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Bill Cunningham, the Legendary Fashion Photographer

Bill Cunningham, the Legendary Fashion Photographer

“Fashion is the Armour to survive the reality of everyday life” by Bill Cunningham.

Last weekend we wake up with the sad news that the fashion industry and photography world has lost a legend, who inspired so many of us during so many years.

Before the internet and before the fashion bloggers, there was Bill Cunningham, the man that didn’t want to find fame, or even document fame, he just want to captured those who were influenced by fashion in a much more authentic way.

Bill first became known as a designer of women’s hats before moving on to writing about fashion for Women’s Wear Daily and the Chicago Tribune. He began taking photographs at both runway shows and on the the streets of New York City, and his work came to the attention of The New York Times with a 1978 capture of Greta Garbo in an unguarded moment, where he worked for nearly four decades. Cunningham later said he had not recognized her while photographing her nutria coat, he just thought “Look at the cut of that shoulder. It’s so beautiful. All I had noticed was the coat, and the shoulder.”

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Cunningham spent nearly 40 years working as a fashion photographer for The New York Times. He became an integral and beloved part of the city’s fashion scene, where he  photographed people and the passing scene in the streets of Manhattan, focusing on clothing as personal expression,though of course, his influence on the industry extended far beyond New York.

“We all get dressed for Bill”, Anna Wintour said in the 2011 documentary Bill Cunningham New York.

He did not photograph people like paparazzi, preferring genuine personal style to celebrity. He once explained why he was not joining a group of photographers who swarmed around Catherine Deneuve: “But she isn’t wearing anything interesting”.

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Immediately recognizable by his signature blue jacket, bicycle, and ever-present smile, he was credited as having a unique eye for emerging fashion, whether on the streets or at industry events.

“A lot of people have taste, but they don’t have the daring to be creative. Here we are in an age of cookie-cutter sameness. There are a few that are rarities—someone who doesn’t look like they were stamped out of ten million other people looking all the same.” Cunningham said in the documentary.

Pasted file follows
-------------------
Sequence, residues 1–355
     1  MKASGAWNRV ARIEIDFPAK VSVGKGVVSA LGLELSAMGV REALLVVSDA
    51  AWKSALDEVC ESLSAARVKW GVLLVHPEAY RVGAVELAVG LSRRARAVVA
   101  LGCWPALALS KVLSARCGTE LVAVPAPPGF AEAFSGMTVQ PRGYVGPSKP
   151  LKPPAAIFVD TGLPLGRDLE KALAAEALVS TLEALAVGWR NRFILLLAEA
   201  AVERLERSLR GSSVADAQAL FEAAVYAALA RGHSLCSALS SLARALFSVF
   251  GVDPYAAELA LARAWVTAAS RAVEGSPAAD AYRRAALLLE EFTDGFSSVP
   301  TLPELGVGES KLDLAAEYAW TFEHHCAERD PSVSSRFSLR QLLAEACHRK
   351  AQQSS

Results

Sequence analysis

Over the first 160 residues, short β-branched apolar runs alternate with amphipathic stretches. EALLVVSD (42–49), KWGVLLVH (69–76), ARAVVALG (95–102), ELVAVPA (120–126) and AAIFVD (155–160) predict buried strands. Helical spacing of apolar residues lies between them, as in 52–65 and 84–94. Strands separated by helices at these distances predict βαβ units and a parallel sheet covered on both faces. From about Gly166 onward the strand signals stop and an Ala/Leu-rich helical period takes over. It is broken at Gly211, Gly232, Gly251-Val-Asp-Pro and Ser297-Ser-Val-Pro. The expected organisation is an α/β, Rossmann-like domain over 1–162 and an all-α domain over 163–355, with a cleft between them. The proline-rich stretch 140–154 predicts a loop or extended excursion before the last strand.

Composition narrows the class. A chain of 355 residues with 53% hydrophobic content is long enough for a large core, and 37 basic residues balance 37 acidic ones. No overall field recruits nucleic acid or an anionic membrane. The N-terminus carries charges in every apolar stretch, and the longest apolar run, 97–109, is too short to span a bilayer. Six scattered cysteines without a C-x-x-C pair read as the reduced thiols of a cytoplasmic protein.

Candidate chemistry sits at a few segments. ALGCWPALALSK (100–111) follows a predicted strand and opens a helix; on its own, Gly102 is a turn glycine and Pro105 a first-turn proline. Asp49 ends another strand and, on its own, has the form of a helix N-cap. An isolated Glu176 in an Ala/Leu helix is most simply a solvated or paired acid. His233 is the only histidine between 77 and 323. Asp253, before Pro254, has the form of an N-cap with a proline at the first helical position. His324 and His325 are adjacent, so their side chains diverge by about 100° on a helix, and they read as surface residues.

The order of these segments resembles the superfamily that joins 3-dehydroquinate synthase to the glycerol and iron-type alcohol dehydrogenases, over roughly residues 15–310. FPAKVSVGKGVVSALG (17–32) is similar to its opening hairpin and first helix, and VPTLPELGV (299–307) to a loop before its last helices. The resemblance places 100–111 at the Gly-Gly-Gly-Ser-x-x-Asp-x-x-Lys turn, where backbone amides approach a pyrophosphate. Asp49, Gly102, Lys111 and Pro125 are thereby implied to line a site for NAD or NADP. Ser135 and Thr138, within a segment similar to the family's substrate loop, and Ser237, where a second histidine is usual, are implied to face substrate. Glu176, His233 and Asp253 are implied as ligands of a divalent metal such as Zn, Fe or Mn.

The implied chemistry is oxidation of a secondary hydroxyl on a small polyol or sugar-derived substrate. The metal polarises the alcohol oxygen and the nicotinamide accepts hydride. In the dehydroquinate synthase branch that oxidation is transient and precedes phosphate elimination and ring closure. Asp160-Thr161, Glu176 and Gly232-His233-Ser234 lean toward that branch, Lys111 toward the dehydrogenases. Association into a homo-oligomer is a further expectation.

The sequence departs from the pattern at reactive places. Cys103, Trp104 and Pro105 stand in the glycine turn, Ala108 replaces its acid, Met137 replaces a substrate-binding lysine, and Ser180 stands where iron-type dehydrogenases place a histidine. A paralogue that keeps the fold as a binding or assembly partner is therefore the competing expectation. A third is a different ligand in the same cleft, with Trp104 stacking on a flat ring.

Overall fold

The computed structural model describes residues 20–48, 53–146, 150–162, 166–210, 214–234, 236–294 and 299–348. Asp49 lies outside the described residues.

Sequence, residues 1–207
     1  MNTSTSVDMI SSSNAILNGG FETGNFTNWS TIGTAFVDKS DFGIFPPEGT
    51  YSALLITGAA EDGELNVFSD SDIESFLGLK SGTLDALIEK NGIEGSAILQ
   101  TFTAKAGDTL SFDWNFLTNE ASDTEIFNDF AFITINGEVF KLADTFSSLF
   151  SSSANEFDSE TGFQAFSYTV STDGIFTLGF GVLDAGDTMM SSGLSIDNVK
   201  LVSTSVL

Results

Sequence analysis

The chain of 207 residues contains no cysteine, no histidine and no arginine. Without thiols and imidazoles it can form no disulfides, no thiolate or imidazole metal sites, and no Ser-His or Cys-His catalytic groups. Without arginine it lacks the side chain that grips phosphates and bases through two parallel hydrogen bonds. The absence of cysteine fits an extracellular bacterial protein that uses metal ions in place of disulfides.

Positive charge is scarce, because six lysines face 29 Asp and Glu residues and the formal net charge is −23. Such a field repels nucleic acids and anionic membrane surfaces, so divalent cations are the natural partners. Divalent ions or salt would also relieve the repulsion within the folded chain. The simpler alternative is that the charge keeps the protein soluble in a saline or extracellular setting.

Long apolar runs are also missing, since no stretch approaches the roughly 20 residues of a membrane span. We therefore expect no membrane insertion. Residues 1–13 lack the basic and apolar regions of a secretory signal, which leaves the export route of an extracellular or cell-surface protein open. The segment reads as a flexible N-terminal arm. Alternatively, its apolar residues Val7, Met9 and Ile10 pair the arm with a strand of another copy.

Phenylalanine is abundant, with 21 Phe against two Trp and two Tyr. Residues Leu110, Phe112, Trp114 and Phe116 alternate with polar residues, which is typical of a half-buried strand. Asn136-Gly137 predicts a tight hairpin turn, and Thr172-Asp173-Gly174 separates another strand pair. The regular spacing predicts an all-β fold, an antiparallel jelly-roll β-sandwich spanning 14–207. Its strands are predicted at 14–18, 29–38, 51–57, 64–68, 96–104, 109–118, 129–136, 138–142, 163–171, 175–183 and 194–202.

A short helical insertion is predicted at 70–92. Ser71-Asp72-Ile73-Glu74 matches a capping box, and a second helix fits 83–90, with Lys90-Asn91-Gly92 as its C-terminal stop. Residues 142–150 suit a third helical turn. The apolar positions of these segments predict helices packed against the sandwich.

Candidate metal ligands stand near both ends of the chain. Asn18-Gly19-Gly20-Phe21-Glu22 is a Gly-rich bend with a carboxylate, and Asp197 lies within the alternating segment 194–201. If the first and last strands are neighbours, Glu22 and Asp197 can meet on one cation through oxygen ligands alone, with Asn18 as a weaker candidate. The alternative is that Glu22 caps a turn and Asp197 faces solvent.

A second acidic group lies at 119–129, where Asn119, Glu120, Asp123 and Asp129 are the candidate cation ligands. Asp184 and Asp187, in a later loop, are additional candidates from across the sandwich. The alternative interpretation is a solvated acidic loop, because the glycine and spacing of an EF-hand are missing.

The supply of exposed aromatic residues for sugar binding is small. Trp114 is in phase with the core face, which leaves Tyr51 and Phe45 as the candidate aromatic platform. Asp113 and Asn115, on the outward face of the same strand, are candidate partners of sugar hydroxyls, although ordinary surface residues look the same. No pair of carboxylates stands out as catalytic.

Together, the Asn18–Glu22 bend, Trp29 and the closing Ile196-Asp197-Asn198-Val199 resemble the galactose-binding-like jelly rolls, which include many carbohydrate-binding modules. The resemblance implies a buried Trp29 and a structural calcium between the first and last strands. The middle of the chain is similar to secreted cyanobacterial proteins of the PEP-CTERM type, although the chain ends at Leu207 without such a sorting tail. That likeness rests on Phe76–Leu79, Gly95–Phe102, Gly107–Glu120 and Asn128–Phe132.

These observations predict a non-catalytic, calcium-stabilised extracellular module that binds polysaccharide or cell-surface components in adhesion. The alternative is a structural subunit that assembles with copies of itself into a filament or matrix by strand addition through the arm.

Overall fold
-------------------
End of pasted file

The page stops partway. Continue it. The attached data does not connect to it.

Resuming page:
He was uninterested in those who showcased clothing they had not chosen themselves, which they modeled on the red carpet at celebrity events, instead Bill loved “the Kids” as he call them, “who wore their souls on sleeves he had never seen before, or in quite that way”.

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The French government awarded him a Legion d’Honneur for his work, while he was named a Living Landmark by the New York Landmarks Conservancy.

Designer Oscar de la Renta said: “More than anyone else in the city, he has the whole visual history of the last 40 or 50 years of New York. It’s the total scope of fashion in the life of New York.”

Bill made a career taking unexpected photographs of everyday people, socialites and fashion personalities, many of whom valued his company. According to David Rockefeller, Brooke Astor asked that Cunningham attend her 100th birthday party, the only member of the media invited.

“His company was sought after by the fashion world’s rich and powerful, yet he remained one of the kindest, most gentle and humble people I have ever met, says Times publisher Arthur Ochs Sulzberger Jr. We have lost a legend, and I am personally heartbroken to have lost a friend.”

Bill Cunningham will definitely be missed in the streets of the big apple.